Endorsements built on sincerity, care for suburbs
On Sunday, we launched into a three-week period of election endorsements with an explanation of why we do them. Today, I want to give you a little closer look at how they work and, perhaps most important, why they're valid.
We said in our editorial that "our priority here isn't to influence your vote but rather to engage you and your neighbors in the process." Yet, while we're not necessarily writing to persuade, we do work hard to provide thoughtful, well-researched reasoning.
Our editors can't all live in every one of the more than 90 towns the Daily Herald covers or have children in each of about six dozen school districts in our circulation area, of course. But we do consider each municipality and school district an important part of the larger suburban community of which we are all a part, and we care that they all are governed in a way that will afford their residents and constituents the best possible quality of life. With these commitments in mind, we can probe towns' races in some ways that even longtime residents cannot or do not, all with nothing personal to gain or lose from the outcome of a particular race, just the desire to see well-run communities and schools.
That process involves personal contact with every candidate willing to talk to us and careful reviews of their backgrounds through online research, news stories, candidate questionnaires and an institutional history that sometimes finds our editors and reporters -- who by the way are excellent resources but have no influence in the endorsement process -- knowing as much or more about the evolution of a given town or school board's specific issue than even some well-prepared candidates. After all their research, editors frequently engage in serious give-and-take discussions as they wrestle with difficult decisions about whom to support. These, I daresay, are lengths to which many voters do not go in preparing to vote, and they give our work legitimate authority.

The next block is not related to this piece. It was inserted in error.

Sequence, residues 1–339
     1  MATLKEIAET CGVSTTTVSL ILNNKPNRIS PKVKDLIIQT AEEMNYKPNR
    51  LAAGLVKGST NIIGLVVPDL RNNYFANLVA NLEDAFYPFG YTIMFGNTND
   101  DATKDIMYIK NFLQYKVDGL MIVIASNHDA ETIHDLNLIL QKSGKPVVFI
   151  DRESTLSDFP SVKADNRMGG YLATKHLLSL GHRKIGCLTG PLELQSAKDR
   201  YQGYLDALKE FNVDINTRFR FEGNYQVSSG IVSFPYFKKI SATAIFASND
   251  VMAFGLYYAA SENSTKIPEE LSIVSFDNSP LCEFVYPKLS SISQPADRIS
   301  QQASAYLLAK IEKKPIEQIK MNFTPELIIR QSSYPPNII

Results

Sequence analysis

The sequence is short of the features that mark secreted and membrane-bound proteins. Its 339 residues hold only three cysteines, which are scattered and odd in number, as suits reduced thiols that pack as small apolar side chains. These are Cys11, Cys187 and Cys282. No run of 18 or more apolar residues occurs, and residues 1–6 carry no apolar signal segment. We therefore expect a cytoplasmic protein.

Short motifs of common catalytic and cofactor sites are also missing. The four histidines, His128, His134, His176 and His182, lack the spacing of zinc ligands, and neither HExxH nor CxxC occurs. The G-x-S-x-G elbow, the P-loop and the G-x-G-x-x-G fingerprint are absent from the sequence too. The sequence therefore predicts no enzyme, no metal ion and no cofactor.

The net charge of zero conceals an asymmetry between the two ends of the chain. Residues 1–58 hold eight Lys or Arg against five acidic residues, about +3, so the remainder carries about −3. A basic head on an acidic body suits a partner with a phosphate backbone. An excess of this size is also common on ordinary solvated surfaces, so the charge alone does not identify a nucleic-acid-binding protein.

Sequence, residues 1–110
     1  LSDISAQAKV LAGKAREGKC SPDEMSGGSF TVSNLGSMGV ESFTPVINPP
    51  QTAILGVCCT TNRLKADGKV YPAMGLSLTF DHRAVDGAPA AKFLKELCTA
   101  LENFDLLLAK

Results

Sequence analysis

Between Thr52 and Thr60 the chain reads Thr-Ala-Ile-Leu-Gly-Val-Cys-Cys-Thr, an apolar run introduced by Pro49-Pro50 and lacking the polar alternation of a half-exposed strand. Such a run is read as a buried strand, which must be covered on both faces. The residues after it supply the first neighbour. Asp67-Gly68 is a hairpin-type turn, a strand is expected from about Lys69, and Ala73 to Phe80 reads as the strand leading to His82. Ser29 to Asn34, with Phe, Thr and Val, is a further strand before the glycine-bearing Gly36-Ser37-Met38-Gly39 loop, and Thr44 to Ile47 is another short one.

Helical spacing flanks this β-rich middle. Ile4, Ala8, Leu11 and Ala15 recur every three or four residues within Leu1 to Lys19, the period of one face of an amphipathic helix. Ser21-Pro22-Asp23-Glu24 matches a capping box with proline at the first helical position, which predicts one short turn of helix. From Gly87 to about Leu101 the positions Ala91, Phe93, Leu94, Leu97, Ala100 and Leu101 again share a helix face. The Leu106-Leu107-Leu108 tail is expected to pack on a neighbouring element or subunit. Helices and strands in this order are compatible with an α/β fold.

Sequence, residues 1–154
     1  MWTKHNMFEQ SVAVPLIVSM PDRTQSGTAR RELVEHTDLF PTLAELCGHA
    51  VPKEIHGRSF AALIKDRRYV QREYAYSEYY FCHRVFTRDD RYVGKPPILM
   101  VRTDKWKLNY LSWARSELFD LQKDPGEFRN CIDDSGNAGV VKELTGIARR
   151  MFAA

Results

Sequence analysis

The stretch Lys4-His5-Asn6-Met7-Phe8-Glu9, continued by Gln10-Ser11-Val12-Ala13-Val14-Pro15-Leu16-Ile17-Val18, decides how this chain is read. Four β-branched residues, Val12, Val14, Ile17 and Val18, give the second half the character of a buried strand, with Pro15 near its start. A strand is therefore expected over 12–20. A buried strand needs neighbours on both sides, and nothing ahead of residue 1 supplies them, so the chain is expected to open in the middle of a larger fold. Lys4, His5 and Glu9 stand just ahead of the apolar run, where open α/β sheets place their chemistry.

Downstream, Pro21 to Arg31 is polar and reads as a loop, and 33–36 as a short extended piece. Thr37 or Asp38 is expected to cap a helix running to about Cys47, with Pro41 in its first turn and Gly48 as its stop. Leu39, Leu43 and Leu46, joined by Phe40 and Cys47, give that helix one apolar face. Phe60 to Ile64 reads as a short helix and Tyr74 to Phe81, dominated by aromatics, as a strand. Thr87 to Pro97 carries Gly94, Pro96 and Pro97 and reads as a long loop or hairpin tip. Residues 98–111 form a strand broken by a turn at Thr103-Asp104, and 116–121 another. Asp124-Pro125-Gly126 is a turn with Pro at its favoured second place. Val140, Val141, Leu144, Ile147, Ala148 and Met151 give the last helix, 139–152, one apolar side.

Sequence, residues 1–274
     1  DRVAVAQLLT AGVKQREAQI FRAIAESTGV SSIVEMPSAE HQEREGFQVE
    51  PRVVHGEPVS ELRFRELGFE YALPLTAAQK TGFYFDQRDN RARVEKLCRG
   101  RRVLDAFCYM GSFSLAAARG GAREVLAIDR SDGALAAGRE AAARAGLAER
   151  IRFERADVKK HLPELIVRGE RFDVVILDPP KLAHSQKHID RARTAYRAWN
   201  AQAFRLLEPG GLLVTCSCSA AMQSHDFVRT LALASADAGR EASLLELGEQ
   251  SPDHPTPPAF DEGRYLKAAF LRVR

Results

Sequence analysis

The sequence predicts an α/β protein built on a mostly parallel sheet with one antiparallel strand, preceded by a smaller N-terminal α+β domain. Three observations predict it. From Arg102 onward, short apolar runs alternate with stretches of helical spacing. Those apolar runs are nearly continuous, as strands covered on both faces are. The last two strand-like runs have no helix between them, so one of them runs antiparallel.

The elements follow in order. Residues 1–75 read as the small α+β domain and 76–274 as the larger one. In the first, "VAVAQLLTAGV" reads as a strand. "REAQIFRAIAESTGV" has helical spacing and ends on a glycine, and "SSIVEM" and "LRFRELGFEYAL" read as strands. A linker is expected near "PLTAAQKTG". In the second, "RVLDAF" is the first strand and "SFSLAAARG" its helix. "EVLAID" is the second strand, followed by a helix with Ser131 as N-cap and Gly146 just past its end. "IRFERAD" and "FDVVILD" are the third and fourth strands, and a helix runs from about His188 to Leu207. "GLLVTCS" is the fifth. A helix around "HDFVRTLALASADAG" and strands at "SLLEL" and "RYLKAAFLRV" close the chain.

Along the way, we encounter all kinds of interesting individuals and situations. Already this election season, we've found candidates who refused to sit in the same room with their opponents for an interview, candidates whose schedules conveniently turned inconvenient when they learned opponents would be interviewed with them, candidates who refuse to participate in the process altogether and candidates who ignore the process until they see the attention it has brought to their opponents then belatedly demand access we had pleaded previously to provide them.
And we've encountered candidates who abruptly altered their personal schedules for the opportunity to discuss their goals with us, candidates who braved snowstorms and long distances to engage with our editors and their opponents in discussions about their communities, candidates who've been eager to complete our questionnaires and candidates who have gone out of their way to provide information about their skills, backgrounds and visions.
Indeed -- even though sometimes, like so many things in life, the occasional posers, grumps, braggarts, power grabbers or just plain numskulls do define the process more than their numbers justify -- we are repeatedly impressed with the sincerity, skill and dedication that most candidates bring to their races, whether we endorse them or not.
So, yes, our first goal is to encourage your interest and involvement in some of the most important decisions you can make about your quality of life, and we know very well that our endorsement may not be the thing that sways your vote to a given candidate. But given all that we invest in order to produce each of the short reflections you're seeing on the editorial page these days, it would certainly be no embarrassment if it did.
• Jim Slusher, firstname.lastname@example.org, is an assistant managing editor at the Daily Herald. Follow him on Twitter and Facebook.
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